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The Fournoi Kalymnos ferry route connects Aegean Islands with Dodecanese Islands and is currently operated by 2 ferry companies. The Dodekanisos Seaways service runs up to 2 times per week with a sailing duration of around 3 hours 5 minutes while the Hellenic Seaways service runs up to 1 times per week with a duration from 3 hours 50 minutes.
So that’s a combined 3 sailings on offer per week on the Fournoi Kalymnos route between Aegean Islands and Dodecanese Islands. Compare now and get the best fare at the time that you want to travel.
Fournoi is an archipelago of small Greek islands that lie between the islands of Ikaria, Samos and Patmos on the North Aegean. The island's main town, also called Fournoi, is also the island's main ferry port. In earlier times Fourni was called Korseon and was the site of pirates. Rich in history, the unspoilt island has many ancient remains located all around the island that date back to the Ionians, Classical and Hellenistic periods. Popular with visitors are the ruins of the ancient temple at Kamari and the remains of dwellings on the sea bed, the Cyclopean wall with traces of an Acropolis on the Hill of Ai Giorgis, the ancient quarry at Petrokopio and the shrine to Poseidon at Agia Triada. The main income source for the island's inhabitants is from fishing, agriculture and farming and of course, tourism. There are a number of beautiful beaches on the island such as Vlychada, Vitsilia, Petrokopio, Elidaki and Bali.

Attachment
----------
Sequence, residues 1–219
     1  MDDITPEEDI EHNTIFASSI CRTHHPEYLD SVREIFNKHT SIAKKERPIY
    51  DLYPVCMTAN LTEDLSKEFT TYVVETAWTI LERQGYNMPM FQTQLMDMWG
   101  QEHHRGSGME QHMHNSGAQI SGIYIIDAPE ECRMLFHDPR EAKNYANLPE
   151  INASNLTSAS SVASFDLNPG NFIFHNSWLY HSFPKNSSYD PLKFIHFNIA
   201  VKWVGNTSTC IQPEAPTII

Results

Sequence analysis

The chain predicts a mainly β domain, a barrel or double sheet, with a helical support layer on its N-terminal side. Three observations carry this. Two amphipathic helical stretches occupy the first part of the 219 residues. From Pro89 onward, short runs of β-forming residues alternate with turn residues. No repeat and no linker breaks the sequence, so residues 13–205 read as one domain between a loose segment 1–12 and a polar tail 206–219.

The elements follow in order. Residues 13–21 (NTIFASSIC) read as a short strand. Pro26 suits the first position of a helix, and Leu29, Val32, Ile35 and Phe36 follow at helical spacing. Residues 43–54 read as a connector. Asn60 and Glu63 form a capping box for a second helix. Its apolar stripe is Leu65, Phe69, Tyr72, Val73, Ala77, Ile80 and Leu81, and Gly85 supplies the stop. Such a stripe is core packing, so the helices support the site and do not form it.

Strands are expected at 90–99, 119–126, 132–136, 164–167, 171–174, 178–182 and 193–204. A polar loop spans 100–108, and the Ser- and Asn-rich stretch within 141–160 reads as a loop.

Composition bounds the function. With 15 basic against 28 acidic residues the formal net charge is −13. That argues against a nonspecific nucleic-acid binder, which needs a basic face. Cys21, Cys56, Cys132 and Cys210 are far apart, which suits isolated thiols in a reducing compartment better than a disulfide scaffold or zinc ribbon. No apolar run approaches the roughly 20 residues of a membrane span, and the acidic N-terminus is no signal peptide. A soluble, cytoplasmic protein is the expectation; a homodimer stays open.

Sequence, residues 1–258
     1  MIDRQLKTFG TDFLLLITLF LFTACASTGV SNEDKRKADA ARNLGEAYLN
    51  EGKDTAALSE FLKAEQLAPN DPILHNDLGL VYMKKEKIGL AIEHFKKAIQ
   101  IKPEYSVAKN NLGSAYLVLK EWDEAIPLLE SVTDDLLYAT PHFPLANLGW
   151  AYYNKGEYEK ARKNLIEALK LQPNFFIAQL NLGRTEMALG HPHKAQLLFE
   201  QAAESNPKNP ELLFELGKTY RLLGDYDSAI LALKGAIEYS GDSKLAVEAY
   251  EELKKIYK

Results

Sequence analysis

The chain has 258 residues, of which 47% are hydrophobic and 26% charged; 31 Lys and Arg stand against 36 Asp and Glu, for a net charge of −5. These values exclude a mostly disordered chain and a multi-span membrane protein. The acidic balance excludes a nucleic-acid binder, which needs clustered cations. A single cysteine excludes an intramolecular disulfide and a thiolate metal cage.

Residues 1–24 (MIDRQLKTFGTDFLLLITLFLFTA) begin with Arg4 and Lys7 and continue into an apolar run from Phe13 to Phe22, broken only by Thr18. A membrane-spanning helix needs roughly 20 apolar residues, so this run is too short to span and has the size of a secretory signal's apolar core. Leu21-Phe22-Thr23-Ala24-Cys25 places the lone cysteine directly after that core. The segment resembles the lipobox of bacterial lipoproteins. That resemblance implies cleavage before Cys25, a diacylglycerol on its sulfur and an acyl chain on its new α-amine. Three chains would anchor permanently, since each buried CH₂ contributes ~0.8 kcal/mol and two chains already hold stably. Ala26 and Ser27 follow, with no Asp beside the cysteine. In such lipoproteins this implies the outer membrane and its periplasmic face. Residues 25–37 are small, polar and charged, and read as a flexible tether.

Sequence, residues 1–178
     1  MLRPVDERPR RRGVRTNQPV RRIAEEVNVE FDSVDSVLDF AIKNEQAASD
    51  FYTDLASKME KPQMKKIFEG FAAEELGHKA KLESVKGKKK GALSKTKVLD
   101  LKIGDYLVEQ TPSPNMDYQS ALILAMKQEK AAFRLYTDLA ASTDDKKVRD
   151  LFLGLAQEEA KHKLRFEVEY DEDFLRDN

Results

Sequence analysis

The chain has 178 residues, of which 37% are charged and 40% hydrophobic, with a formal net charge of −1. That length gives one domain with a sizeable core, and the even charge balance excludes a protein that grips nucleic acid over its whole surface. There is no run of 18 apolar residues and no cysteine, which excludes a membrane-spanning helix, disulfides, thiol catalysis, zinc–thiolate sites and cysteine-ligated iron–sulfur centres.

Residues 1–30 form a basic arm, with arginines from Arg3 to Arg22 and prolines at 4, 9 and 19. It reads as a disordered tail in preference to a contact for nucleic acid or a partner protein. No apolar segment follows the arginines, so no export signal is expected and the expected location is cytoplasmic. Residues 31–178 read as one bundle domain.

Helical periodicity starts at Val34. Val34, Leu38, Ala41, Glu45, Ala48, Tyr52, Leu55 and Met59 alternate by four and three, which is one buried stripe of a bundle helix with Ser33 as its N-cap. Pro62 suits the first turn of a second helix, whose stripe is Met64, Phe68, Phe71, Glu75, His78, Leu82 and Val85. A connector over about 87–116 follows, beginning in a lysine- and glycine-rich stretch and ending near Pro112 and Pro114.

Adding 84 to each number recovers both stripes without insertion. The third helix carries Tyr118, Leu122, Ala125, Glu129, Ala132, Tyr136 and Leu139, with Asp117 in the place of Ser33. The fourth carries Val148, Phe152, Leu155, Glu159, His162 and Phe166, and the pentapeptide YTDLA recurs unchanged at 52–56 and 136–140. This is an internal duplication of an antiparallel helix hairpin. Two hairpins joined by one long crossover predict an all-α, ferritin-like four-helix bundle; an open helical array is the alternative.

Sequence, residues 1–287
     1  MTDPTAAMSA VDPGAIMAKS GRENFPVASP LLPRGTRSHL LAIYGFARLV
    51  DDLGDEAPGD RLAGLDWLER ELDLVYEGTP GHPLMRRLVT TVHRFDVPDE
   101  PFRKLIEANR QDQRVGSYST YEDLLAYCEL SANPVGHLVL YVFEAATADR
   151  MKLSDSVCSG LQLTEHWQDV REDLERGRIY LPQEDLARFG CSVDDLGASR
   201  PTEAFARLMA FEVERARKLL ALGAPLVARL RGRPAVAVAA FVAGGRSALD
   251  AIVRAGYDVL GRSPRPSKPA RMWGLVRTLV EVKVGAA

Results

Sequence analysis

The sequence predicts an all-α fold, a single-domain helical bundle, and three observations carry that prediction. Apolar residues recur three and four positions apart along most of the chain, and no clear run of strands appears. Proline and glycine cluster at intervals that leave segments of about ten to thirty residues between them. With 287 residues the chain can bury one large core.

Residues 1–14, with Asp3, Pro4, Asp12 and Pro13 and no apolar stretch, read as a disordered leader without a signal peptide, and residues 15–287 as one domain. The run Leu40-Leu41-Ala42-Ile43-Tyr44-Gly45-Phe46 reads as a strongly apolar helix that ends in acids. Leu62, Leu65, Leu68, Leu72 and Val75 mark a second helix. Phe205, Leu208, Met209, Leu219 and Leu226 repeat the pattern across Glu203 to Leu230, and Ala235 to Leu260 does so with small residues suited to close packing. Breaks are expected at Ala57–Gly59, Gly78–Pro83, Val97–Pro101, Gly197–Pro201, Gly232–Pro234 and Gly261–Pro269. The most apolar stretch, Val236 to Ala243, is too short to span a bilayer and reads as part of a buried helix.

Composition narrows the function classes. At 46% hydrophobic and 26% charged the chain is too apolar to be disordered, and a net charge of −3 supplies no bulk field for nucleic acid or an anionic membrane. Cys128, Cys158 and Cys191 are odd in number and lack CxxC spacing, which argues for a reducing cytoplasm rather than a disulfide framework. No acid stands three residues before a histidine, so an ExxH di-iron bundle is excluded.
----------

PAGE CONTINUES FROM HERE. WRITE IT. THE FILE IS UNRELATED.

The Greek island of Kalymnos lies in the south east Aegean Sea and is located between the islands of Kos and Leros, and is one of the Dodecanese group of islands. The island is quite small with a land area of just over 100 sq. km but despite this it is the fourth largest of all the Dodecanese islands. The island's name has changed over its history. It was first named Kalynda, then Kalymna and then finally, Kalymnos. The island's capital is Pothis, although the most of the island's residents live in Chora, and is the island's second largest town.
Kalymnos is known for its sponge divers and sponge fisheries and it's inland terrain is steep and rocky and is popular with climbers. There are over 1,300 different climbing routes on the island that range in difficulty and terrain. Some routes are on slabs, some on big walls or on overhangs. The landscape used to be a curse for the island's residents but as it attracts visitors to the island it is now a blessing, certainly in terms of tourism.
There is a frequent ferry service to Piraeus, Rhodes and to the other Dodecanese islands. There are also ferry routes operating to the Cyclades islands, Samos and, during the summer season, to Chios, Mytilini, and Thessaloniki.